“A.J. has a lot of ability, and he’s got great ball skills. I hope that transitions,” Eliot said of Stamps, who has gained 10 pounds since arriving at UK. “If you’re bigger, stronger, faster then you’re a better athlete. As long as they continue to keep their speed and they put that size on, it’s good for them.”
Here’ more insights Eliot offered about the defense.
Question: How has middle linebacker Khalid Henderson looked?
Eliot: “Khalid is better. Khalid is a better player. All those reps have helped him last year during the season. You can tell going into spring he’s much further along than he was last year. He’s keying things faster. He’s assignment sound. He’s an improved player.”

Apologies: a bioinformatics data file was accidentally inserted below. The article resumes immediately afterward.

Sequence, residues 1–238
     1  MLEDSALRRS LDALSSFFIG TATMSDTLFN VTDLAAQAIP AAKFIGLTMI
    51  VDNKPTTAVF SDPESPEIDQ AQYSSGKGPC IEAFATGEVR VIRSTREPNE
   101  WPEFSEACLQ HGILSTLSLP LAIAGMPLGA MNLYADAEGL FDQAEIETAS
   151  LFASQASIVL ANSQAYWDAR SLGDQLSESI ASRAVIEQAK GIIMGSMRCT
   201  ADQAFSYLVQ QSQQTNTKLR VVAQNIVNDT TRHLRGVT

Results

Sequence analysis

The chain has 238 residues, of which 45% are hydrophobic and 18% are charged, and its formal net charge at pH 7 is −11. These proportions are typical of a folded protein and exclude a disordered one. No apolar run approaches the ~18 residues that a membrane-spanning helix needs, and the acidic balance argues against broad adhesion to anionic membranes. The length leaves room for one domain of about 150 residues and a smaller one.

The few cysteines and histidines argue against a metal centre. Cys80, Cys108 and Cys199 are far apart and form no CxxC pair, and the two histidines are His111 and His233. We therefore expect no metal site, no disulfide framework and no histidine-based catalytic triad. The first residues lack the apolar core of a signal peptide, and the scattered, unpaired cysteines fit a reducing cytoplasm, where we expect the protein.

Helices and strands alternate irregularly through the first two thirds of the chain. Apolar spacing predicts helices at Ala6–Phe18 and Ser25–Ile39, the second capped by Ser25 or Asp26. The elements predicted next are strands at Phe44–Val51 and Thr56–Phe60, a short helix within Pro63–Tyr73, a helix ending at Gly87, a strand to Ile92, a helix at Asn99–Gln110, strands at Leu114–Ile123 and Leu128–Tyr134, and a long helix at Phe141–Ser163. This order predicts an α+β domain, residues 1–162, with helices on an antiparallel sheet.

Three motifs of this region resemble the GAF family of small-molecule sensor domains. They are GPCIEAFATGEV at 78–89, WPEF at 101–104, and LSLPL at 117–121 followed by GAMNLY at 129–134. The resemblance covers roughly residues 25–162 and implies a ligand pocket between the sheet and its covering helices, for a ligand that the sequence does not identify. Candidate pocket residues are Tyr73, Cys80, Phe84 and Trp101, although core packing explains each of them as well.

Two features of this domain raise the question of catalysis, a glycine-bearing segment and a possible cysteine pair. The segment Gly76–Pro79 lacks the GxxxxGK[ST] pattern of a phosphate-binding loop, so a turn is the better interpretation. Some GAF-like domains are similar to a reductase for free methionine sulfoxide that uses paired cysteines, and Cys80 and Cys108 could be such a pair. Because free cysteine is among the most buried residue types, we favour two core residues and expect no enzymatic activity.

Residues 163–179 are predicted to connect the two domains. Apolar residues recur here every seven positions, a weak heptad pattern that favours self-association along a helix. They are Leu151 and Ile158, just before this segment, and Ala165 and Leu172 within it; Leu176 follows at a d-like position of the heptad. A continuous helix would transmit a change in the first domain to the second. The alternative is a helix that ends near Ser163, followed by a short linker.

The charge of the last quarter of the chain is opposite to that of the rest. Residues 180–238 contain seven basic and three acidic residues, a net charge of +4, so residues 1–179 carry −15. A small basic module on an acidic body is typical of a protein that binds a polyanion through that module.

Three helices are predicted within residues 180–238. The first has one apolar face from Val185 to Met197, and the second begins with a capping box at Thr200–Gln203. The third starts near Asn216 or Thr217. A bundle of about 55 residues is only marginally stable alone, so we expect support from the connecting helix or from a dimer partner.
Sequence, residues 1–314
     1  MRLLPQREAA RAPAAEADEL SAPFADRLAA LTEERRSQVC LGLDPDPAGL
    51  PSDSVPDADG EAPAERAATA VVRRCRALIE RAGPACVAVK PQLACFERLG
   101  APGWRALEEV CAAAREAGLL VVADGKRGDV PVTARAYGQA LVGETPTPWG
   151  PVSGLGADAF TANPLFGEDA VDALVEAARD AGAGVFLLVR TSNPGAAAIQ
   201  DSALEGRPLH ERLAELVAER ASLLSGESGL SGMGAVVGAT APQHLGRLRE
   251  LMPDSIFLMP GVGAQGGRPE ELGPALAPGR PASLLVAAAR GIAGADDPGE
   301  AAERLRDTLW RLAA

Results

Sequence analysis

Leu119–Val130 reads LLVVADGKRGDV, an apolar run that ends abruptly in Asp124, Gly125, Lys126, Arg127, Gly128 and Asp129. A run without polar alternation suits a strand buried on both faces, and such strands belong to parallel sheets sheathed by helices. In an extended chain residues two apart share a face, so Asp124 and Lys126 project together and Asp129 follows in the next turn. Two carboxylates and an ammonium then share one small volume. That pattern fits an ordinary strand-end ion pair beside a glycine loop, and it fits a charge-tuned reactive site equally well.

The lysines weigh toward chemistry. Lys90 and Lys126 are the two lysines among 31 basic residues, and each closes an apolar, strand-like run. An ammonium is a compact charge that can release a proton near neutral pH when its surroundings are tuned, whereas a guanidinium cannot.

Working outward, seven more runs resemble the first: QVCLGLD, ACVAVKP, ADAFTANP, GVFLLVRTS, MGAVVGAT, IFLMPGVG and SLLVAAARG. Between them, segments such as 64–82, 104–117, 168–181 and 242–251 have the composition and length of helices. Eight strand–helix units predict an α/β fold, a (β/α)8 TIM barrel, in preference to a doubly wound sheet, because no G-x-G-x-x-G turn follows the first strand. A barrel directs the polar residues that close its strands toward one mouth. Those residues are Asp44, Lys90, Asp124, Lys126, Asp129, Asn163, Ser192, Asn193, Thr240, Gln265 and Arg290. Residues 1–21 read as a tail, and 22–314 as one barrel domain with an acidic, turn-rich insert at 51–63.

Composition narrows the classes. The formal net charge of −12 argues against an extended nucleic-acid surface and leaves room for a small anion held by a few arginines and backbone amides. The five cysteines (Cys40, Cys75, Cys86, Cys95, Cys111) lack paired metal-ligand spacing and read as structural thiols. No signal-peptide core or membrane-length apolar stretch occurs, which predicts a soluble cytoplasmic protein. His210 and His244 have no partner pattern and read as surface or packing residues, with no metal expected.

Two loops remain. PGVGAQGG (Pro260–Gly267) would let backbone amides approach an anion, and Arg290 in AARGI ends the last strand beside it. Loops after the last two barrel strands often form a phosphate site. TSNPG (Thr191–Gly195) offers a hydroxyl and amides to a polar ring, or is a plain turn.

Question: What has he learned in the first half of spring practice?
Eliot: “Some of the obvious things are that (end) Bud Dupree has got some great, great skills, and not only that, he’s got some great leadership. I’m really looking forward to seeing how he progresses and plays in the fall. Along with (end) Za’Darius Smith. Some guys like (tackle) Mike Douglas have stepped up, and I’m hoping to see some great things from him in the fall as well. But, we’ve just got to take it one day at a time. You can’t rush anything. You’ve got to make sure that you’re doing little things. The old saying ‘You can’t put the cart before the horse,’ we’ve got to make sure we’re continuing to do that.”
Question: Has he noticed any difference in defensive back Blake McClain since they’ve limited him to two primary positions compared to last season when he played more spots?